Revisiting Mostar

After reading Safe Area Gorazde last week, my mind has absently been thinking about Bosnia, which holds a special place in my heart. While researching something else (another post coming soon..) I came across this Josef Koudelka picture from Mostar, which is a city in western Herzegovina that was the site of some of the worst street to street fighting of the Bosnian wars. Notable too because it featured all three of the major ethnic groups, Bosniaks (Bosnian Muslims), Croats (Bosnian Catholics) and Serbs (Bosnian Orthodox). It was also the site of one of the worst symbolic moments of the war, when a Croatian tank commander (who ironically was a theater director, I’ve been told) directed his cannon at the Stari Most bridge, which spans the mythical Neretva river in the center of the Turkish quarter. It destroyed a cultural landmark and point of pride for all Bosnians that was built in 16th Century.
(c) Josef Koudelka, Magnum. Mostar, Bosnia and Herzegovina, 1994.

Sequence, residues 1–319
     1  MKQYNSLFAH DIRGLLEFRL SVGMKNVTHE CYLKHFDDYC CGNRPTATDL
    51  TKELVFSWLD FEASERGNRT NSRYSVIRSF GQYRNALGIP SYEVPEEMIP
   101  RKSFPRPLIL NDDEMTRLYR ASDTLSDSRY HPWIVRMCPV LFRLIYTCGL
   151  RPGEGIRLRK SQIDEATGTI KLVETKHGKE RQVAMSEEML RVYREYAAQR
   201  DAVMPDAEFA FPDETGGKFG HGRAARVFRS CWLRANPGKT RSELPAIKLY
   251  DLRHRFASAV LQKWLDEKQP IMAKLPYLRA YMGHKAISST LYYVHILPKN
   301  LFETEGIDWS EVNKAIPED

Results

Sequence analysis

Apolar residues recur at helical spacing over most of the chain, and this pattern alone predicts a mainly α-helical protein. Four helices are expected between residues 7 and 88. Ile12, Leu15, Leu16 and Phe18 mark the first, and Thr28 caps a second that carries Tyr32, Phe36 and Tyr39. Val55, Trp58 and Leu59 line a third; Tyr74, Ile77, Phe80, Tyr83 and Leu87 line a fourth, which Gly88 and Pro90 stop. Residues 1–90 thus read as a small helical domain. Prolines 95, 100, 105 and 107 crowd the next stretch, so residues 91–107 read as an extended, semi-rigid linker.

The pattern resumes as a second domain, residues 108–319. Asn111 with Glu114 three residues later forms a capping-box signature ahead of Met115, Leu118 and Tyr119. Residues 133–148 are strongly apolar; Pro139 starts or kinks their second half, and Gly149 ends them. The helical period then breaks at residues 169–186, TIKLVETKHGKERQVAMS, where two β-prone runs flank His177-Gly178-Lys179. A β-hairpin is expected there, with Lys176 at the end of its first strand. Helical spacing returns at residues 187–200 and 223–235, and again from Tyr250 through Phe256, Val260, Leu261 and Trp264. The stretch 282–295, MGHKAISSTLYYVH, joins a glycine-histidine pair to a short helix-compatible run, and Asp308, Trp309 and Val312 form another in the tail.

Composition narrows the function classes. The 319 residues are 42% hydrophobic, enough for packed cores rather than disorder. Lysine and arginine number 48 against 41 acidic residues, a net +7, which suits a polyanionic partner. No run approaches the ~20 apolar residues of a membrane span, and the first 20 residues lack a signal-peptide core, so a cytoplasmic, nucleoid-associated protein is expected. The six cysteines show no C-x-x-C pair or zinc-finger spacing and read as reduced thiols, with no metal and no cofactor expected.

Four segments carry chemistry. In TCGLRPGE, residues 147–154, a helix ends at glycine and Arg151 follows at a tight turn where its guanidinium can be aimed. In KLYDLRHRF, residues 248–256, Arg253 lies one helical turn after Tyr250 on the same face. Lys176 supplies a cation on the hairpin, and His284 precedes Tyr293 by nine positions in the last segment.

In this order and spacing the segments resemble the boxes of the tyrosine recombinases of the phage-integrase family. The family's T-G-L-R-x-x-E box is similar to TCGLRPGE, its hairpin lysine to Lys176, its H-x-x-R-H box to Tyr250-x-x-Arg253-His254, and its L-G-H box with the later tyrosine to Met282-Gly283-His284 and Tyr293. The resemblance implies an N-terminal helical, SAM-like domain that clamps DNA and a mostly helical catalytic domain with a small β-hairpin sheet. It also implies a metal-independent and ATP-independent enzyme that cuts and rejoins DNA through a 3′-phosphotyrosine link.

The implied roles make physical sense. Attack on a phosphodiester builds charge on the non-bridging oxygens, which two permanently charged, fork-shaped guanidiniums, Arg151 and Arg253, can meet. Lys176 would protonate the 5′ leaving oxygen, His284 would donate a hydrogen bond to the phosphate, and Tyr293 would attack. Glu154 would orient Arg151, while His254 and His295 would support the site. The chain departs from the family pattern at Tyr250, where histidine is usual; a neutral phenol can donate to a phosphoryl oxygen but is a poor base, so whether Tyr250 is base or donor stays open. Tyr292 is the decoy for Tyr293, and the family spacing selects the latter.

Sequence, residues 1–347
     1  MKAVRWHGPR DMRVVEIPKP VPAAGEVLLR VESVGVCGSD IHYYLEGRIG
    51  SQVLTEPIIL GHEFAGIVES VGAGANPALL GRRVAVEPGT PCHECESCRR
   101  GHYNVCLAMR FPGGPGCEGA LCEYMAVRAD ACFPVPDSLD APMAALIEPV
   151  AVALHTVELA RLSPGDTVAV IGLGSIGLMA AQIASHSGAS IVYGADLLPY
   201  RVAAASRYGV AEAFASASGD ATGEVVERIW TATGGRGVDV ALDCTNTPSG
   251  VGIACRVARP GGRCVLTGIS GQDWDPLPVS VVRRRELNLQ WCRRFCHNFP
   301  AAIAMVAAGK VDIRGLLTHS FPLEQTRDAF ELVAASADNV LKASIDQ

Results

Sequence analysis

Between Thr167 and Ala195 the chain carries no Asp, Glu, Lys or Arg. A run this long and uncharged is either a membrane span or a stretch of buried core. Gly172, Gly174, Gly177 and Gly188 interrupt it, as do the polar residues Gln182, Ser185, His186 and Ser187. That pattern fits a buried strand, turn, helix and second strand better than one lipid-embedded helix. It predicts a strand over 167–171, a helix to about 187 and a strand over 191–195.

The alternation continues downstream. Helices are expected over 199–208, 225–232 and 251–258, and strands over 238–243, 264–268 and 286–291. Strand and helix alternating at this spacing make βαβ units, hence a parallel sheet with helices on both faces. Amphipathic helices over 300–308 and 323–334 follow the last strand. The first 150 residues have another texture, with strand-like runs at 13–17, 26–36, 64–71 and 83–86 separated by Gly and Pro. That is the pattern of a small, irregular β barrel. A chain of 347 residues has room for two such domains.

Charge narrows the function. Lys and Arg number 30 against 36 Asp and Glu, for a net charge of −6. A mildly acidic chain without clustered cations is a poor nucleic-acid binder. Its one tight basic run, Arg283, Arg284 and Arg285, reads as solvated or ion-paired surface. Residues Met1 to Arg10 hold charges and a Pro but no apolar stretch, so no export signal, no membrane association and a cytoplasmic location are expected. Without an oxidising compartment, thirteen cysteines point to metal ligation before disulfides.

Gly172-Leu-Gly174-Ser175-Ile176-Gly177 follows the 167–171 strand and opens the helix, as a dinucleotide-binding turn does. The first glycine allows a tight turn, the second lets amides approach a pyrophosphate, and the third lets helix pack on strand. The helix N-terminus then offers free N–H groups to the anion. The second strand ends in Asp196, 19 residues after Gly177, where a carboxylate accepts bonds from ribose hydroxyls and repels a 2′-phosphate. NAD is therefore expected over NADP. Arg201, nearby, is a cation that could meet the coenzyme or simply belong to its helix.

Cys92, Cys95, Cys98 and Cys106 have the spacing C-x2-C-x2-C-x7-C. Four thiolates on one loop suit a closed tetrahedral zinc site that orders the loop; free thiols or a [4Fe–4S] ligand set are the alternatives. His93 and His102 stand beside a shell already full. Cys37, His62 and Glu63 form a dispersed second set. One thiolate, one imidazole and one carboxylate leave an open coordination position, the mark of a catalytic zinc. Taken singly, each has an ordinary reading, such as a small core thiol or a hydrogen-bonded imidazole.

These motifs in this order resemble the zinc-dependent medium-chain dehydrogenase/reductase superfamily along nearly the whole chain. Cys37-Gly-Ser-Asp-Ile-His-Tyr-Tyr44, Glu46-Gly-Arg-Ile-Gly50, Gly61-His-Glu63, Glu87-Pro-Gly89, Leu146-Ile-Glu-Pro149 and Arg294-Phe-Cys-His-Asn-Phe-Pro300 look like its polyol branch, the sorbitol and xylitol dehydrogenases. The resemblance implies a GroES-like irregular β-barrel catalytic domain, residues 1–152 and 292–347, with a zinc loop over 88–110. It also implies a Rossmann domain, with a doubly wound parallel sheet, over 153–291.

Due to the symbolic significance of this bridge, and its new status as an UNESCO World Heritage site, it was amongst the first historic structures rebuilt following the war, at an estimated cost of 12million Euros. Koudelka returned in 2005 and took this picture:
(c) Josef Koudelka, Magnum. Mostar, BiH, 2005.
I was in Mostar for a week in 2007. It is an amazing place, and that bridge is an amazing sight. It is known for the Mostari, who perform for tourists by leaping from the 20m tall span into the swift, shallow and disturbingly cold river. And a youtube video of their jumps at the annual Mostari festival. People die every year doing this, I’ll add…

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